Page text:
• Watch Your Tone, Green Marketers, Preachy Doesn't Pay
    No one likes being condescended to, but it's easy to do if you treat every audience the same. With super green audiences, strong messaging about saving the earth and its creatures is preaching to the choir, so you don't have to temper much. But if you want to expand your audience to consumers resisting the green "movement," you need to find another way because scare tactics and shame just don't work.
  • Kashi Reinvigorates 30-Year-Old Purpose
    Historically, I have not been an early adopter. Heck, I still had a flip phone well after the iPhone 4 launch. Years after organic food caught on, I was still eating fast food everyday. However, I have just broken my mold and become one of the first few (defined loosely) to eat Certified Transitional food. That's right, you heard me. Certified Transitional.
  • Marketing Sideways: Sneaking The Green Into Your Marketing
    Successful marketing is all about approach, but how do you market something while simultaneously downplaying what are typically its selling points? Very skillfully.
  • 3 Key Takeaways From Sustainable Brands Conference
    By the time I saw the Metrolink train billboard, it was too late. I was already cheerfully guzzling natural resources and spitting out emissions along the 5 Freeway from L.A. to San Diego. I gasped and shook my head at my stupidity and selfishness for driving to Sustainable Brands, which took place June 6 - 9. Conference check-in officials seemed to sense my crime and asked, "Did you take the train or are you a hypocritical fraud who drove? And are you sharing a hotel room or wasting resources in a room by yourself?"
  • Messaging Themes Emerge From Fortune 50 CSR Reports
    NERD ALERT: I spent Sunday embarking on one of my favorite new pastimes: reading through corporate responsibility and sustainability reports* of Fortune 50 companies. Why would anyone do such a laborious thing? Well, in typical consumer-facing media, most brands are not overtly blasting messages about their sustainability efforts, and I was keen to learn what some of the biggest companies are doing and saying about sustainability.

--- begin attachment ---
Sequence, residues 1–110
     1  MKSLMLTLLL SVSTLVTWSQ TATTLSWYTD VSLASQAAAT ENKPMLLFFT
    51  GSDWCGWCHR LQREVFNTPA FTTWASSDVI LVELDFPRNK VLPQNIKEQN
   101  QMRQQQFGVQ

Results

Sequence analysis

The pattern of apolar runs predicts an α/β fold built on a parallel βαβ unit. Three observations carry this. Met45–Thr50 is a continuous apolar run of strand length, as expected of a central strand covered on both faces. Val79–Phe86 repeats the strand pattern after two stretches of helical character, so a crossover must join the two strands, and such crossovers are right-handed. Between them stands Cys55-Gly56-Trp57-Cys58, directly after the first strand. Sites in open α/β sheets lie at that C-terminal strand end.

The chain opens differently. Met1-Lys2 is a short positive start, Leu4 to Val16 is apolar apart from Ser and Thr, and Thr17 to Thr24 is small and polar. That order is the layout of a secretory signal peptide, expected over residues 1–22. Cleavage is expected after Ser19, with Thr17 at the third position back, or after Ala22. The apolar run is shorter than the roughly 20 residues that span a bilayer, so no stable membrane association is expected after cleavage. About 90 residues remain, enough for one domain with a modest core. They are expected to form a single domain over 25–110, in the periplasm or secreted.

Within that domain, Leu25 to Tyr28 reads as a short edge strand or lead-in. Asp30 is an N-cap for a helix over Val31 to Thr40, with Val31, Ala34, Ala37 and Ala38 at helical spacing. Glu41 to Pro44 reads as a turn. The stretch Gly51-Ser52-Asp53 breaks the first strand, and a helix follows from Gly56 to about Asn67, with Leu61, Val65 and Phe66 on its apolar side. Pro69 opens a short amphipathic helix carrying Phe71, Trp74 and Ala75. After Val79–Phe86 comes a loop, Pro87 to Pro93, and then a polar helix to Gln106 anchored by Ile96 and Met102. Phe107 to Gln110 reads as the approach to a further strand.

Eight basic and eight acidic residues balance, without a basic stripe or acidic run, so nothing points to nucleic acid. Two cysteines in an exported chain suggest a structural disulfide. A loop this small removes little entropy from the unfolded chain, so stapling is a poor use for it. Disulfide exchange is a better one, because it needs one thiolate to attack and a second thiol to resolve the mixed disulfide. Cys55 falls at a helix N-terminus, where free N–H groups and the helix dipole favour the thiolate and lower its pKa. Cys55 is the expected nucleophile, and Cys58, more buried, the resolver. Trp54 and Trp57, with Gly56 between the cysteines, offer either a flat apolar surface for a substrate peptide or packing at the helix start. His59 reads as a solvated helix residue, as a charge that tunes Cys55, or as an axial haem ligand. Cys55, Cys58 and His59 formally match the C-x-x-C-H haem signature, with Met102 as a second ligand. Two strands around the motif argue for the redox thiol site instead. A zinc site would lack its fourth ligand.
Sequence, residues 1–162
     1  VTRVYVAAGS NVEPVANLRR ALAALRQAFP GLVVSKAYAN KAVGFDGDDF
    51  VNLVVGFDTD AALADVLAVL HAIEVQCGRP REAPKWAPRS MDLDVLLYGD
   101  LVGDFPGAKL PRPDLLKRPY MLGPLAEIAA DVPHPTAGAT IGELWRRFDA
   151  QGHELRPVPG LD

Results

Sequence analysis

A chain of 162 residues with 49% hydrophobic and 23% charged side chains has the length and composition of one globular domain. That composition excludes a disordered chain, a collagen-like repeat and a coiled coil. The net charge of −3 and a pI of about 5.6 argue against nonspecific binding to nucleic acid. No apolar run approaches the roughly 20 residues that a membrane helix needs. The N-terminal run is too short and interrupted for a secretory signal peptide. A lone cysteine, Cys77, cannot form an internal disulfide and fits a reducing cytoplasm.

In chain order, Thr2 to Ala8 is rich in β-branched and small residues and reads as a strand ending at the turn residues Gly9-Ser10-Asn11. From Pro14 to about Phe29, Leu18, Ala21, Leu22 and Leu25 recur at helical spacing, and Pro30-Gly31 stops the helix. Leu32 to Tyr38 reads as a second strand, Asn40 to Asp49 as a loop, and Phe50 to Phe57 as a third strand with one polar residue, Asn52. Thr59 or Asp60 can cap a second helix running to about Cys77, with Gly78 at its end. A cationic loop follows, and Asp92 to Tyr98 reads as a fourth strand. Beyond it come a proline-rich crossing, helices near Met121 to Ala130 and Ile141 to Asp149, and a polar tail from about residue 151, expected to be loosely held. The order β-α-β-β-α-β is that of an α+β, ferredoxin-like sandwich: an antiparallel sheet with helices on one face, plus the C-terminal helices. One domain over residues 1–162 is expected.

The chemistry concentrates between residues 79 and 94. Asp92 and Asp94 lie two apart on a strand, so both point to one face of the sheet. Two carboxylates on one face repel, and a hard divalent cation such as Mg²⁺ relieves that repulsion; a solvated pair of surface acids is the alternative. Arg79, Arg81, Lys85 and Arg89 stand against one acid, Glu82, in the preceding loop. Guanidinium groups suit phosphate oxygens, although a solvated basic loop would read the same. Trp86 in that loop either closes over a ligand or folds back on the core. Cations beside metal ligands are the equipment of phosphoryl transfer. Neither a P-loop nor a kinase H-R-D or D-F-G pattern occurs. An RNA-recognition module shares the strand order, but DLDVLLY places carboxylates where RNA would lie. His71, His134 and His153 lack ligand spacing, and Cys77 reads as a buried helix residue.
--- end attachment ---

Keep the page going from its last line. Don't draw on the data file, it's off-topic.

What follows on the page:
• Marketing 'Green' To Fuchsia Verticals
    Much as we wish everyone was committed to going green, we're just not there yet. Still, there are often ways to promote green products and services without labeling them as such outright - which still helps the world, while taking the pressure off decision-makers whose company values or mission may not align with the green movement directly. Here's how.
  • Food Waste And Hipster Grocery Targets
    "I can't get this food to Africa, so I don't wanna hear about it!" My girlfriend grunts as I scold her for leaving yet another never-to-be-eaten left-over box in my fridge. She knows I'm a hypocrite. I'm as guilty as everyone else when it comes to food wasting-about once a month I fill up an entire trash can with moldy or suspiciously smelling food. And I have started to feel guilty.
  • It's Not Easy Being Green - But You Can Make It Easier
    Though there's a certain contingent of the population utterly devoted to going green, there's still plenty of resistance out there. Whether it's ignorance, laziness, or downright denial, not everyone recycles, conserves, or even buys into the idea that these things are important. Some of them are even in Congress.
  • Leaner, Greener Nonprofits Need To Be Authentic To Stand Out
    For nonprofits, persuading the masses to donate is a matter of survival. To fund their work continually, they must be able to reach the people who care most about what they're doing - and make sure those people can find them, too.
  • Finding Right Balance In Sustainable Supply Chain Messaging
    These days it's easier to count the companies that are not taking sustainability action than to count the ones who are. However, there is a wide variance in how (or if) brands are communicating about their world-friendly efforts.
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